Inspired by the increasing amount of “Paraben and Sulfate Free” shampoos on the market, I started to look into different hair care products, recording my experience in the Natural Shampoo Journey series. After learning about the chemical composition of today’s shampoos (Part 1), I quickly realized it is one of the most toxic products we use daily. So far, I have successfully found a natural way to remove product build-up using the Baking Soda + Shampoo method featured in Part 3, but still have not found a shampoo alternative that has worked for me.

Wondering what people did before conventional shampoos, I discovered J. R. Liggett Original Shampoo Bar, Herbal Formula. After reading the great reviews online, I was very excited to try this product. It’s easy to tell this is product is made with integrity. Continue reading

Natural Shampoo Journey – Part 3

Inspired by the increasing amount of “Paraben and Sulfate Free” shampoos, I started to research and try different hair care products to find the reason behind the trend. Every Thursday for 4 weeks, I will be sharing the experience in the Natural Shampoo Journey series. In case you missed the previous posts, the new hair care routine must meet the following criteria:

  • Effective at removing product residue
  • Non-drying/moisturizing
  • Gentle on the scalp
  • Free of unnecessary chemical additives

If you are not sure what Parabens and Sulfates do, check out Part 1 . In last week post, Part 2 of the Natural Shampoo Journey, I was faced with the dilemma of wanting to remove product residue for cleaner and bouncier hair, but without using yet another product. I learned about an effective method using just one staple pantry item. Continue reading

Natural Shampoo Journey – Part 2

It’s Thursday….Meaning part 2 of the 4 week Natural Shampoo Journey. In case you missed last week’s post, let’s rewind….

Inspired by the increasing amount of “Paraben and Sulfate Free” shampoos on the market, I began to research the history and chemical composition of modern shampoos. If you are not sure what Parabens and Sulfates do, check out Part 1 of the Natural Shampoo Journey. Many of today’s beauty products contain questionable ingredients such as Sodium Lauryl Sulfate (an insecticide) and artificial fragrances (can disrupt endocrine functions). This led me on the search for shampoo alternatives that also meet the following hair care requirements:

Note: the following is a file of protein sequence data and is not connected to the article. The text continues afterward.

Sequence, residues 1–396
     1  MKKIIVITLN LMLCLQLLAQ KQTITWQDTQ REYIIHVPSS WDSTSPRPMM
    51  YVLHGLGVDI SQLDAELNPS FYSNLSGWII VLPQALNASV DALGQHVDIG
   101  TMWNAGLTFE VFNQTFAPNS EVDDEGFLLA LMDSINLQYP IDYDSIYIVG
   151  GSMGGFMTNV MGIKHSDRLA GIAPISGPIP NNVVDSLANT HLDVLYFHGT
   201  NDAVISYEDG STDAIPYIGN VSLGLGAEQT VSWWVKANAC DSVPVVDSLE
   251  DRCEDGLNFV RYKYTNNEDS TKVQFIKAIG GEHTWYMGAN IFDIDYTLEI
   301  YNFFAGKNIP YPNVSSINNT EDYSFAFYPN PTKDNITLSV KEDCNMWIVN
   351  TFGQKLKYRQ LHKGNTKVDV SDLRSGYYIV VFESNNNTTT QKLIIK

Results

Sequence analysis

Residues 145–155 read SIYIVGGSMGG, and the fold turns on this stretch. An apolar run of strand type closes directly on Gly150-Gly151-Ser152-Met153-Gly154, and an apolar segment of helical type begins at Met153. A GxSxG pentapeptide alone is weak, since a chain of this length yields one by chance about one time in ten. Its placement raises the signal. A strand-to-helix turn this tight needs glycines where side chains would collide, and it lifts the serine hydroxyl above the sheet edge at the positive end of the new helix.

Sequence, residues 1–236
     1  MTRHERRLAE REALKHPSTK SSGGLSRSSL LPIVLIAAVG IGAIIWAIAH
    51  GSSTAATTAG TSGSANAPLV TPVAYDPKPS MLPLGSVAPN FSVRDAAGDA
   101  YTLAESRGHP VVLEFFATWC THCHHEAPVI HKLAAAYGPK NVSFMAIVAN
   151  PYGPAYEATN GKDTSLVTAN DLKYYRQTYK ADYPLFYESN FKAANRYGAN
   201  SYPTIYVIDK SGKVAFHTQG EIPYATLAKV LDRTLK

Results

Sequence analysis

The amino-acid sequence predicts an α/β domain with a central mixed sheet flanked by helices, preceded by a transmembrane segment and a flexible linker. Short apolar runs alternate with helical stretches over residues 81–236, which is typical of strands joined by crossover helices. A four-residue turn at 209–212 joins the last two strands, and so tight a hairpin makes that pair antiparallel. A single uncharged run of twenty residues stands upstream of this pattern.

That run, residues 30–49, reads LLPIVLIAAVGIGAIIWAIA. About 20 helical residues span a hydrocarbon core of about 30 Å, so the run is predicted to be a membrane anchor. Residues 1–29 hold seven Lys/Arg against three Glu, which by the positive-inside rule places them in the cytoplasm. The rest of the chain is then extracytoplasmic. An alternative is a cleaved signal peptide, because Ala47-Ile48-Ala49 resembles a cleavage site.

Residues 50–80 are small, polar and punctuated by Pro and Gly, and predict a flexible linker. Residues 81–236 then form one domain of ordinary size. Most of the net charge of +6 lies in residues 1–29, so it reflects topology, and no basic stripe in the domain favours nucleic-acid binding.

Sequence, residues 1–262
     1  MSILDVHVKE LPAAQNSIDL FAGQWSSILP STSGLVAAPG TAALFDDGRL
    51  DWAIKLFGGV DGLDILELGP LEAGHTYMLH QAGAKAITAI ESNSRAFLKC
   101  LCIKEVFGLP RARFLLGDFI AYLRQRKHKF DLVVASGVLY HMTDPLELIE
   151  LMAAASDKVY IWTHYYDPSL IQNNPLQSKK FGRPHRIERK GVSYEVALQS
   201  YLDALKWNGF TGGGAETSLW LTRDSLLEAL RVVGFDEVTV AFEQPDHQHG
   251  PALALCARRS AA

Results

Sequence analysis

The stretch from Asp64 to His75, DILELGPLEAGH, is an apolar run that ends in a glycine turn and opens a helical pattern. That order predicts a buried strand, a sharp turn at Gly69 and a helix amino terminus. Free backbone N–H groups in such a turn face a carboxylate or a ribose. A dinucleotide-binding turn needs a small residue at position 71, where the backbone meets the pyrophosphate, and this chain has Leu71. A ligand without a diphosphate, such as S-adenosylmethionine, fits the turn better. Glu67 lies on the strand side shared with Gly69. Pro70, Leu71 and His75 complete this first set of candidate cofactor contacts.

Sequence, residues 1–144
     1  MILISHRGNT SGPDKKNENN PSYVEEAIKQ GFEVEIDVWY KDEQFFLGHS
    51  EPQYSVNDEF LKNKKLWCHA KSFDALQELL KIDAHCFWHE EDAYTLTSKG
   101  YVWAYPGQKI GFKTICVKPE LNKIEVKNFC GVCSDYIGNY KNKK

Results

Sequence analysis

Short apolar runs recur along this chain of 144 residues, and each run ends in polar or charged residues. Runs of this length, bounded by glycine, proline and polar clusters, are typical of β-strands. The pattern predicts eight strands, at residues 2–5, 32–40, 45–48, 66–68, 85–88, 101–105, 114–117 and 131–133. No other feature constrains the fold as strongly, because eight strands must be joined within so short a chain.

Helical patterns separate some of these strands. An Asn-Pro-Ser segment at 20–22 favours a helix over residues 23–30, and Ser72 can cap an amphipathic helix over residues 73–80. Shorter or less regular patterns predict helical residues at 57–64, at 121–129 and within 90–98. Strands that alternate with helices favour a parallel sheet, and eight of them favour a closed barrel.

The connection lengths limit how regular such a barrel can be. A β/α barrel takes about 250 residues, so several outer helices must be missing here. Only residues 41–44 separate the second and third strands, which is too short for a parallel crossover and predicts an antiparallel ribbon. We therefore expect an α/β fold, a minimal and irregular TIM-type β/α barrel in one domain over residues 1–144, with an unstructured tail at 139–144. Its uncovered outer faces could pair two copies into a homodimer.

• Effective at removing product residue
  • Non-drying/moisturizing
  • Gentle on the scalp
  • Free of unnecessary chemical additives

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Ayurveda 101

Recently, I came across an informative video great for those who are interested in learning about the principles of Ayurveda and I’ve been so excited to share it. In her lecture for the University of California San Francisco, Dr. Sudha Prathikanti covers the foundation of Ayurveda, a traditional Indian system of health and medicine based on the idea of balance.

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Natural Shampoo Journey – Part 1

Shampoo, which was invented in India centuries ago, was not widely used in Europe till early last century.  In fact, the word “shampoo” is derived from the Hindi language. The herb based formula used in ancient India is different than our modern day liquid shampoo, which did not become popular till the 1920’s.

After learning about the chemical composition of today’s shampoos, I quickly realized it is one of the most potentially toxic products we use daily. This inspired me to search for conventional shampoo alternatives which also meet the following hair care requirements:

  • Effective at removing product residue
  • Non-drying/moisturizing
  • Gentle on the scalp
  • Free of unnecessary chemical additives

Continue reading

Down in New Orleans! Mardi Gras

New Orleans, my second home, is a city of mystery, charm, and soul.  There is a certain.. je ne sais quoi…being greeted by jazz music over the loud speakers at Louis Armstrong Airport. This city is fun all year round but Mardi Gras is an especially festive and fun time in NOLA. Although this is a deviation from my regular posts, with Mardi Gras less than a month away, I’d like to share my food must-eats for a quick New Orleans weekend.

Check out the Green Beauty Fiend’s Guide to New Orleans Guide for some must eats and tips for getting around in the city.

First time to New Orleans? I’d be more than happy to answer any questions in the comments section below.